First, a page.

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THE WOUNDED AND THEIR NURSES (Rec. March 17, 6.26 p.m.) London, March 16. A "Times" correspondent, who has returned from' Germany, says that despite her manifest preparation's for most contingencies, Germany was not prepared for such a vast number of wounded. Already there were seven hundred thousand under treatment. Every available public building, including the Royal villas, was being utilised. He visited the Royal residence, whero iron bedsteads were crowded against the great mirrors in tho ballroom, resplendent in gold mountings and Venetian chandeliers. Wolf hounds are extensively used in finding the wounded, who instinctively seek sheltcf from bears, and are frequently not noticed in their groy uniforms. Red Cross trains of fifty carriages, with sixteen beds in each, travel at a snail's pace. A doctor, discussing the psychology of tho sick-room, declared that the Iron Cross man never dies if he can pessibly help it. The liursesare pretty girls, in neat costumes, giving an air, of coquetry which is deemed to be helpful to the patients. The death-rates are less than two per centum, and sixty. per cent, of the early wounded have rejoined the ranks. Tho Russian, slim-nosed speedy bullet is considered to be tho .most humane, and 'gangrene after it is almost unknown._ Shrapnel causes the greatest lacertftions. Wounded prisoners are treated in dreary hospitals. They know they are not wanted, the cheerful atmosphere of the other hospitals heing painfully .wanting, and all have male'nurses. A patient feels the want of a. nurse's hand. When a prisoner dies he is buried with 'military honours, and upon his coffin is placed a ribbon, inscribed: "To a Brave Warrior," A wooden cross for identification, and a wreath is placed on tho grave, and a volley is fired — exactly the same cercinony as for the burial of Germans.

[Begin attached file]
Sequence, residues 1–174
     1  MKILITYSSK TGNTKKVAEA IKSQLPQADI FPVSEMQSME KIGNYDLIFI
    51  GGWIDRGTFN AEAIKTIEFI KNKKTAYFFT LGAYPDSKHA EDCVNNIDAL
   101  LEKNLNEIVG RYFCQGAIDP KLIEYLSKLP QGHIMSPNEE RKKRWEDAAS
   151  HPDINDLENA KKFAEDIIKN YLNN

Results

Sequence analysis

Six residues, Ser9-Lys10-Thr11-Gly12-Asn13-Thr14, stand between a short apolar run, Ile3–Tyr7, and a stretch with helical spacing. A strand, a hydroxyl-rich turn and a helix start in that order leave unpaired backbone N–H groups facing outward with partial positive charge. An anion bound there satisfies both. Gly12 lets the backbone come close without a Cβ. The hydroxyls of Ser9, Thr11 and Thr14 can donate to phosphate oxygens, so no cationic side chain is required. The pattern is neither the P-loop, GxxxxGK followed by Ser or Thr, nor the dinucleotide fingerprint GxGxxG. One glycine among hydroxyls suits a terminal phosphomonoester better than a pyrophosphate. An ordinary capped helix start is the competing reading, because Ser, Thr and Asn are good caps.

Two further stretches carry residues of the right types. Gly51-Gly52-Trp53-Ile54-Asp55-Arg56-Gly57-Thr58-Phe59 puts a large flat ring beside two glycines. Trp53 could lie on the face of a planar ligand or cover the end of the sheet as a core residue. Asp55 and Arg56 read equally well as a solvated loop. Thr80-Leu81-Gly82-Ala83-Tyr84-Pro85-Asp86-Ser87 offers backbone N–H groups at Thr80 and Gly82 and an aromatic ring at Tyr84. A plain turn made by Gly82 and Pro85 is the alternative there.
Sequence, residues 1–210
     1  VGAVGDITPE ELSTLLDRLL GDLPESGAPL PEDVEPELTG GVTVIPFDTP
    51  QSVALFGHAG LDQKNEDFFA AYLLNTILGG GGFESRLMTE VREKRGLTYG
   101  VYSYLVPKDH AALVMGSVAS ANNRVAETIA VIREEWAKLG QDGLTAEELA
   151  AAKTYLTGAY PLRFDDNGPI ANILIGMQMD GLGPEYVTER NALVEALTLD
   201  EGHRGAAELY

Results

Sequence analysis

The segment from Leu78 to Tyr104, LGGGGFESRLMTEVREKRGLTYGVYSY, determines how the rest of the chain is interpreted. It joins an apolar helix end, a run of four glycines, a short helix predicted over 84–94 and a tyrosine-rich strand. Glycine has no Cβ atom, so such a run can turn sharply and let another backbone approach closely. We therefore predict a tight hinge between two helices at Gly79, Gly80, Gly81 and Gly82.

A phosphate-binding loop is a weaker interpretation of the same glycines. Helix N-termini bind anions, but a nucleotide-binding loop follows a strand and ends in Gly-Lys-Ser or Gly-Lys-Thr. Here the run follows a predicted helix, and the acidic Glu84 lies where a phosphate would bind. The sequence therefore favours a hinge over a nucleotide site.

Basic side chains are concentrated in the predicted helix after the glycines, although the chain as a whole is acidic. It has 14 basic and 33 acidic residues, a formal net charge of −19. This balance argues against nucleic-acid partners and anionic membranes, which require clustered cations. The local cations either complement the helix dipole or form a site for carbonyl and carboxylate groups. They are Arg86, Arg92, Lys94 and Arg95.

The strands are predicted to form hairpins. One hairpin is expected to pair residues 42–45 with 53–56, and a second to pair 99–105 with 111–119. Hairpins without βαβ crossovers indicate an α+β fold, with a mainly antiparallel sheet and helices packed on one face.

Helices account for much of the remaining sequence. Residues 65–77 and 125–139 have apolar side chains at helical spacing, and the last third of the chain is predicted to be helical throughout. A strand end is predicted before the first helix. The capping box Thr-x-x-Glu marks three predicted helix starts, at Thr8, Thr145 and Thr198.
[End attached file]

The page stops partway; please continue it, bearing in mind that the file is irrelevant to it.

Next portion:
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Bibliographic details

Dominion, Dominion, Volume 8, Issue 2412, 18 March 1915

Word Count

GLIMPSE OF GERMAN WAR HOSPITALS Dominion, Volume 8, Issue 2412, 18 March 1915